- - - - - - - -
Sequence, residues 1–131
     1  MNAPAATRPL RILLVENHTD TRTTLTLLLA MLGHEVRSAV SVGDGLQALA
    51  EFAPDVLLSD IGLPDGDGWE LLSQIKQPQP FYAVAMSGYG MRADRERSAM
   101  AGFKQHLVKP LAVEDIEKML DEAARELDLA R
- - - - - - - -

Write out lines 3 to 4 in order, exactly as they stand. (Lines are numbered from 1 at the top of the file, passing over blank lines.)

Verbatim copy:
    51  EFAPDVLLSD IGLPDGDGWE LLSQIKQPQP FYAVAMSGYG MRADRERSAM
   101  AGFKQHLVKP LAVEDIEKML DEAARELDLA R